Sunday, February 28, 2010


I have been thinking about severe weather for my work. I have always been curious about supercells because the characteristics I have observed have been so varied. Everything from the cloud structure and radar appearance to the location of tornado (or tornado's).

What I find even more interesting is that they tend to evolve rapidly. They evolve because of a changing environment (vertical wind shear, CAPE, moisture and moisture depth). But there are also those weird days, where in a similar environment, they develop differently. In a few cases I would surmise this has occurred because some boundary has been influencing the storms.

But a paper I read hinted that there are two types of these supercells distinguished by front vs rear precipitation relative to the updraft. There are some solid objections to this line inquiry based on the known and documented differences between so-called classic supercells and Low precipitation supercell tornado threats. However, a taxonomy is only useful if the storms have a certain structure and that structure leads to some predictable behavior.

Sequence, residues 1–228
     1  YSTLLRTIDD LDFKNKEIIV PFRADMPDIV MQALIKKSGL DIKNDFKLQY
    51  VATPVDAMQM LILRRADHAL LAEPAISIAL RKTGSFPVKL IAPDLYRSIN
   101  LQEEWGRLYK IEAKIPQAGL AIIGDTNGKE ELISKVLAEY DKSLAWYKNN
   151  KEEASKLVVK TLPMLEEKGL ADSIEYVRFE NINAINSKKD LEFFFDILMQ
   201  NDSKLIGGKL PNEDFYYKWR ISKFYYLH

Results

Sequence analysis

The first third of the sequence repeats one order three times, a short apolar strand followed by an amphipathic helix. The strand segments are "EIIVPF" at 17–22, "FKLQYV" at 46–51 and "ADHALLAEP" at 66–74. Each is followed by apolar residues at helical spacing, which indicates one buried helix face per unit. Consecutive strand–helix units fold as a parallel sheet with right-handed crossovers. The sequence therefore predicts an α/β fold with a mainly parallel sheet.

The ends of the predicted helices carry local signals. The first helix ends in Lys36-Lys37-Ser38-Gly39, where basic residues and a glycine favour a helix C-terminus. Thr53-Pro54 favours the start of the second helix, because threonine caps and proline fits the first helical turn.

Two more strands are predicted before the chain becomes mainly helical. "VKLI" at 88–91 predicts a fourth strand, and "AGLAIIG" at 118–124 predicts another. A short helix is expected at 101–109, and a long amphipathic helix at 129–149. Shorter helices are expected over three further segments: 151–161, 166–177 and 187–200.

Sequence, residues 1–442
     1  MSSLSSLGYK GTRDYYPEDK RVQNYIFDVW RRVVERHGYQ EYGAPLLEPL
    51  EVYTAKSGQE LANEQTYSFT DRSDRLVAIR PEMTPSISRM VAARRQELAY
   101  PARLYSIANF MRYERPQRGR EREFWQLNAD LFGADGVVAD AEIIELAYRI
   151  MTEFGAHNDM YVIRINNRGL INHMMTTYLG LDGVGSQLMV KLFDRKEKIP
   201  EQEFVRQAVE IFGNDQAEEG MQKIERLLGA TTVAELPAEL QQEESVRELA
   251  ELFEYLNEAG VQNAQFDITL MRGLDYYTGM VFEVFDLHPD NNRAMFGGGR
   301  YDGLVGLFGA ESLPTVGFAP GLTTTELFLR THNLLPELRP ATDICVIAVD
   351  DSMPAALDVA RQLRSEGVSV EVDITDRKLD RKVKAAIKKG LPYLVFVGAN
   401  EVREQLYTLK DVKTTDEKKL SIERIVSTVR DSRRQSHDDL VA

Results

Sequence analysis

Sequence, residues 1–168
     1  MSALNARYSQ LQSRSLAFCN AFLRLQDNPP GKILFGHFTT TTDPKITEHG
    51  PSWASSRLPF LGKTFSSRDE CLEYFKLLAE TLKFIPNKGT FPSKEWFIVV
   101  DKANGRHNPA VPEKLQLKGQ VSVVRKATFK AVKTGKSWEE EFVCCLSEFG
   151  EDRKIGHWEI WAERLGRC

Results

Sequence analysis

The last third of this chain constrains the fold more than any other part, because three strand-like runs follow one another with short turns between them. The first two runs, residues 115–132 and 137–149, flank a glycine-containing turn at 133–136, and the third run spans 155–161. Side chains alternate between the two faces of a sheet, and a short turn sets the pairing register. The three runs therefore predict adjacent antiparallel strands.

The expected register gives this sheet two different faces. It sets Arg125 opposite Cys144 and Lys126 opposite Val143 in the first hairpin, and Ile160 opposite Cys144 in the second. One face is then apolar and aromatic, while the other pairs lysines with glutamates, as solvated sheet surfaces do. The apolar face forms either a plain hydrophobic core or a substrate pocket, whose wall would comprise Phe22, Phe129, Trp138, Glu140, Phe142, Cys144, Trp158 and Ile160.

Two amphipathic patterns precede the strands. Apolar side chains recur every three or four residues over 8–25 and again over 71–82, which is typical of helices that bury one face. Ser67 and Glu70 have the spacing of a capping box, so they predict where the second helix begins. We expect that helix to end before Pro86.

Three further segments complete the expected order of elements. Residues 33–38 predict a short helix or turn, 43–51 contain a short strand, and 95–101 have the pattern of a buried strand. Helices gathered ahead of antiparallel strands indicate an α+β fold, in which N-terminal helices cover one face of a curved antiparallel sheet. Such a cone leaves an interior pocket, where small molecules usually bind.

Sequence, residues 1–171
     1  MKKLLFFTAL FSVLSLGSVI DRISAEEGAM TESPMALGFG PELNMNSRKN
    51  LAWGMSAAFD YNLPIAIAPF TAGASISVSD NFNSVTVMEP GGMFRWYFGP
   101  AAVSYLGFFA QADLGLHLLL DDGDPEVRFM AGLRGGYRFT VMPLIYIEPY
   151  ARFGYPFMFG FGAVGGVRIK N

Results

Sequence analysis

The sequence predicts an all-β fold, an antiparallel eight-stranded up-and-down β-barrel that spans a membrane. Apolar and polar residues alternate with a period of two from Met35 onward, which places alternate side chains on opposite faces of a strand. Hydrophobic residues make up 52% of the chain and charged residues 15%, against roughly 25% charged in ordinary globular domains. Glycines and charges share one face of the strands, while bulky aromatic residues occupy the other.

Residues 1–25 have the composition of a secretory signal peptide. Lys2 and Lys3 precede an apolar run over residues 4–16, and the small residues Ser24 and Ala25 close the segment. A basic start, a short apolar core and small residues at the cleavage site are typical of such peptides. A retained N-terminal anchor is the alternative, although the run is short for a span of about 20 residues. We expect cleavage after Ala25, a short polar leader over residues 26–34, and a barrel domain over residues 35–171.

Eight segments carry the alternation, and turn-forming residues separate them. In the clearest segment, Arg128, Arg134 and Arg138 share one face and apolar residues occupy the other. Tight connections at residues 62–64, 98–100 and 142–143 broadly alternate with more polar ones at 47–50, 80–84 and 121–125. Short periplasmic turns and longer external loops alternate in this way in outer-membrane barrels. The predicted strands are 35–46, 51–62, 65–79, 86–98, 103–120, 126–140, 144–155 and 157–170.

While a taxonomy appears to be worthwhile to describe these varied characteristics, what are we really trying to achieve with it?
1. Operational radar recognition of the supercell and tornado threat.
2. A conceptual model of these storm types, including their life cycle evolution.
3. Explain why some supercells produce tornado's and why some do not; why some produce many and others produce 1; why some have a predictable location of tornado occurrence and others have multiple.
4. Address: Why do tornadic supercells differ so little from non-tornadic supercells?

These challenging questions are why, once again, the VORTEX2 field project will be operating in the Great Plains this year. Hopefully a new round of data collection will offer some insights into these fascinating and destructive storms.